As reported in the Globe and Mail, the TSB has cited the North Dakota shipper, an affiliate of Miami-based World Fuel Services Corp., and the purchaser of the oil, New Brunswick’s Irving Oil conglomerate, for failing to ensure the oil was properly classified and identified, including on the classification notice that must be attached to each wagon. The report does not mention CP Rail’s responsibility.
One reader of the Globe, the newspaper that originally broke the story of the MM&A train product’s volatility and has been following it closely since, commented online, “I was told during a high level WHMIS [workplace safety] training course that it was a federal offense to misrepresent, falsify or fail to properly identify materials that are manufactured, stored or transported. Who goes to jail here?
A portion of Irving Oil’s crude shipments from North Dakota to its refinery and export terminal in Saint John were switched following the disaster from the MM&A line to the CN Rail main line that connects the city to Montreal via Quebec and New Brunswick. There has been next to no news reporting of this change, including how many trains per day or week are involved and how residents along the CN line are taking it.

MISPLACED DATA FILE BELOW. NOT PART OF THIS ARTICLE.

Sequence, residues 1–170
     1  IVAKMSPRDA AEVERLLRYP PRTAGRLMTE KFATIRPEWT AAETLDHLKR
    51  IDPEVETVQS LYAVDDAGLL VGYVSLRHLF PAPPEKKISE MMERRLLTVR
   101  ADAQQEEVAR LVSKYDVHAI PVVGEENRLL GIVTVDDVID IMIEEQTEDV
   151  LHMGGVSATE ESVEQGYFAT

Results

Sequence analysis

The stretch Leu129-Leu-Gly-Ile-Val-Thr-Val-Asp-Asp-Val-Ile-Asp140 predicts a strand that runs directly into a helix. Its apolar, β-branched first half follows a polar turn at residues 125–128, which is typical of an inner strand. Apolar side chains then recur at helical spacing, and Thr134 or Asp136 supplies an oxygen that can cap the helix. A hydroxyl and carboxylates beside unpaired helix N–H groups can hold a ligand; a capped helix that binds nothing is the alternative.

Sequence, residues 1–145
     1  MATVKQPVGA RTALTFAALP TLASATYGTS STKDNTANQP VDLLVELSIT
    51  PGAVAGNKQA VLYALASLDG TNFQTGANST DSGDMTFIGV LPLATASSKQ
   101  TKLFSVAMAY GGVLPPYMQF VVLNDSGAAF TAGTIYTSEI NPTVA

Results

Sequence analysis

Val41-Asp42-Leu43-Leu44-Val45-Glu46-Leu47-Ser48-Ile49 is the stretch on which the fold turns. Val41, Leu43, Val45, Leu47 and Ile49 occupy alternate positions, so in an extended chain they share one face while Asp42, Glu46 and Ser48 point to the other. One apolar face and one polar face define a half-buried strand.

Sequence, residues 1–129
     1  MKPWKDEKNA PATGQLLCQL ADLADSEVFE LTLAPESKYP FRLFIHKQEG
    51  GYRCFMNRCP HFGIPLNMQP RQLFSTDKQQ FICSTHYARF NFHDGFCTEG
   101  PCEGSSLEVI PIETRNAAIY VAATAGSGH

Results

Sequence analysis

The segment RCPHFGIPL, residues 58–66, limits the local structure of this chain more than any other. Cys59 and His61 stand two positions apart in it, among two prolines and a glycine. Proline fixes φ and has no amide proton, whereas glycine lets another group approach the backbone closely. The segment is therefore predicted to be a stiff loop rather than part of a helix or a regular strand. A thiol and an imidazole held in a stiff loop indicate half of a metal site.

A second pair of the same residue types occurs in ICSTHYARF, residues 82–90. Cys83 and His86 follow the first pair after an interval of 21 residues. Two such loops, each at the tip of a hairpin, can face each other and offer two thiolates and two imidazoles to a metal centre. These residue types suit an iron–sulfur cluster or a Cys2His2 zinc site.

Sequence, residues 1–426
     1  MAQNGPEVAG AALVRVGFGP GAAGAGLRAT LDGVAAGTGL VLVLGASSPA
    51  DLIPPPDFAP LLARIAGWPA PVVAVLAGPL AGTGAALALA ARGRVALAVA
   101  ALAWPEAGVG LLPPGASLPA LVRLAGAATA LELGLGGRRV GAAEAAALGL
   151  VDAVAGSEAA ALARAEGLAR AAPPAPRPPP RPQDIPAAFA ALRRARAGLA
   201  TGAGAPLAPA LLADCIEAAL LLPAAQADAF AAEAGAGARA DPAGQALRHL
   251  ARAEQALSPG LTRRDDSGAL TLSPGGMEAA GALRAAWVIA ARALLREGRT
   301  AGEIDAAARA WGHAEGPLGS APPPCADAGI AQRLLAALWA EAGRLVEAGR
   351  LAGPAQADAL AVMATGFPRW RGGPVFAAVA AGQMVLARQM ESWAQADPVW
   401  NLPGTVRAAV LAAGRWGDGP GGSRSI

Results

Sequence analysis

Of course, the main concern that the tragedy in Lac Mégantic has highlighted is the crazed and reckless path of unbridled extraction and burning of fossil fuels down which the economic elites of the world is dragging humanity.
Irving Oil is facing additional public relations headaches following the news that its liquefied natural gas plant and export terminal in Saint John, known as Canaport, caused a massive killing of migrating songbirds in early September. The birds were apparently drawn to the light of the ‘flaring’ at the liquefaction plant. Natural gas flaring (as distinct from the flaring of gas at oil drilling sites) is the highly-polluting practice of reducing pressure in a natural gas complex by burning off the pressurized gas.
Roger Annis is a writer in Vancouver and member of the newly-formed Vancouver EcoSocialist Group. He wrote a comprehensive article on the lessons of the oil train disaster in Lac Mégantic that was published in Rabble on August 30.
Update, Sept 13, 2013: Calgary mayor Naheed Nenshi has gone public with his anger at the secrecy of CP Rail’s oil train shipments. Yesterday, one day following the latest oil train derailment in Calgary, the mayor said, “We had an enormous amount of trouble getting a straight answer from CP about what was in those cars.”
“Once again, it was city staff, who have no regulatory authority on this, risking their lives to solve the problem,” Mr Nenshi told reporters. “And we can’t solve the problem if we’re not given correct, accurate information at the very beginning.”
The mayor also said the federal government is failing in its duty to enforce adequate safety regulations on Canada’s railways. See a full news article on this story here: Nenshi upset at lack of answers from CP after Calgary train derailment, by Kelly Cryderman, Globe and Mail, Sept 13, 2013
Neil Young condemns Alberta tar sands ‘wasteland’, says it ‘looks like Hiroshima’ after the nuclear attack of 1945
By Kelly Cryderman and Michael Babad, with reports from Paul Koring and Steven Chase, The Globe and Mail, Sept 11, 2013.